Pittsburgh Map, a Creative Commons Attribution (2.0) image from dmuth’s photostream

Want to know the percentage of renters vs. owner-occupied housing in Allentown? How about the population by age of Homewood South residents? Want to know how many in the West End are native born? Now, you have a tool to find out all that and more. The University of Pittsburgh’s University Center for Social and Urban Research (UCSUR) was created in 1972 to serve as a resource for researchers and educators interested in the basic and applied social and behavioral sciences. The UCSUR’s program in Urban and Regional Analysis has spent decades studying patterns of change in Pittsburgh neighborhoods. This month, they released a report titled City of Pittsburgh Neighborhood Profiles American Community Survey Five-Year Estimates 2005-2009 Data.

The report compiles data from the U.S. Census Bureau’s American Community Survey (ACS) for the City of Pittsburgh’s 90 neighborhoods. ACS is a new program which replaced what was previously known as the “long-form” census. The ACS has a smaller sample size than the old long form allowing for data to be compiled on a neighborhood basis. It should be noted that because the sample size is so small, errors are magnified with smaller areas having the largest margin of error. Therefore, the report notes, “It is recommended that the data released by the ACS program should be used to understand the characteristics of specific geographic areas, and the data generally should not be used as a reference for the specific counts of individuals, households or housing units.” This shows up most notably near the beginning of the report (pages 5 and 6) where comparisons are made between neighborhoods. For example, the report compares the five neighborhoods with the highest and lowest percentage of households comprised of married‐couple families — I’m guessing there actually are some married couples in Chateau.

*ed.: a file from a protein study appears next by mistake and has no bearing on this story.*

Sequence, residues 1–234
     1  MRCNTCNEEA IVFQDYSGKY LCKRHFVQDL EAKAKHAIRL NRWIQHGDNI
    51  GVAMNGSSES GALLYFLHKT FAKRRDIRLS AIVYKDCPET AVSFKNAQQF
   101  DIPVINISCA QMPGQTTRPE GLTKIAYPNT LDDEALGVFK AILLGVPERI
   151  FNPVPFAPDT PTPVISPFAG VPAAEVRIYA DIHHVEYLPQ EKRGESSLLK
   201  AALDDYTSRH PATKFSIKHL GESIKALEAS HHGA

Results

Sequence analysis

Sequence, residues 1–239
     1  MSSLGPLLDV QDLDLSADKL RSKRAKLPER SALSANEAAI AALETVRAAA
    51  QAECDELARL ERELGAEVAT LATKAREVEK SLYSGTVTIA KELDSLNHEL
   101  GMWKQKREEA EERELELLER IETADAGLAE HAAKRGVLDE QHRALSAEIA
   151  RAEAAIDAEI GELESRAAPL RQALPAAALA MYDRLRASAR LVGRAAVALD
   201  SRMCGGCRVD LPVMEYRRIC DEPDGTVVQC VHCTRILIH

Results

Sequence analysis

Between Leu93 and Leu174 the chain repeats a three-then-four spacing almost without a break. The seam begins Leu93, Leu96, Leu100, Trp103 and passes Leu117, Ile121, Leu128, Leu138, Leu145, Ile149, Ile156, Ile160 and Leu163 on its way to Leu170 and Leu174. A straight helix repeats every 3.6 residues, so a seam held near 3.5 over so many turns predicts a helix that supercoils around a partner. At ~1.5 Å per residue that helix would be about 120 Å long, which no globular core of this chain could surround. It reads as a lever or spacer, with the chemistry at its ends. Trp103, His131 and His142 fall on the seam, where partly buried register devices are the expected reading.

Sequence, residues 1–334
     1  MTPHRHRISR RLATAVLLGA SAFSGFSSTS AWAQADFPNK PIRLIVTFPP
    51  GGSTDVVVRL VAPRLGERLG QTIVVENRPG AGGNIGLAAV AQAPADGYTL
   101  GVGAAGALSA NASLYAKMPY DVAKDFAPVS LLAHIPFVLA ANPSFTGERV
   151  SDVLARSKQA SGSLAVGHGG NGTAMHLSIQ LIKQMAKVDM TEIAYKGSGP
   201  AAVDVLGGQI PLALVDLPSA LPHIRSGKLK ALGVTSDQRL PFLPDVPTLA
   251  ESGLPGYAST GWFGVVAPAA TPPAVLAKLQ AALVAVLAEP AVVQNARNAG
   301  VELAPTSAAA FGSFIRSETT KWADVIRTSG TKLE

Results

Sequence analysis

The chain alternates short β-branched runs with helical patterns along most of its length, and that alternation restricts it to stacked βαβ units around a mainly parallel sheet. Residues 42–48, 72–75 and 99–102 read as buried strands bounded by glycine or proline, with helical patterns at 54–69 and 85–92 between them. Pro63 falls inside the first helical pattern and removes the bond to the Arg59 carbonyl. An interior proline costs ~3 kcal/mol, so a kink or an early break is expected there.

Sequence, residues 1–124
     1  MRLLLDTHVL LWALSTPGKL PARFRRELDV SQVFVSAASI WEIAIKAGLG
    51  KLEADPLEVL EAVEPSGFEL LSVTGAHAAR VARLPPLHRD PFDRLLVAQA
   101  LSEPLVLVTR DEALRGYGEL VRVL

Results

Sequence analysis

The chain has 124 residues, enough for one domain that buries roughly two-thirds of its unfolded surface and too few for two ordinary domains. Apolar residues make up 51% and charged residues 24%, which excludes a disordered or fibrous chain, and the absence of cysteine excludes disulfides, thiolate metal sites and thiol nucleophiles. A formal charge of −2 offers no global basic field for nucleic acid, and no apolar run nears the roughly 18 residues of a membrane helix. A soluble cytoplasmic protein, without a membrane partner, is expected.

Still, the two-page profiles of each neighborhood are a fascinating read as a reflection of the characteristics of the residents who live there. Data has been compiled for each of Pittsburgh’s 90 neighborhoods in the following categories:

Population by Race
Family Structure (Household Type)
Place of Birth By Citizenship Status
Population by Age Group
School Enrollment
Household Income
Poverty
Tenure (Owner-occupied Vs. Renters)
Educational Attainment
Commuting
Migration

You can view the full report here. (You can go to the index on page three to find your neighborhood.)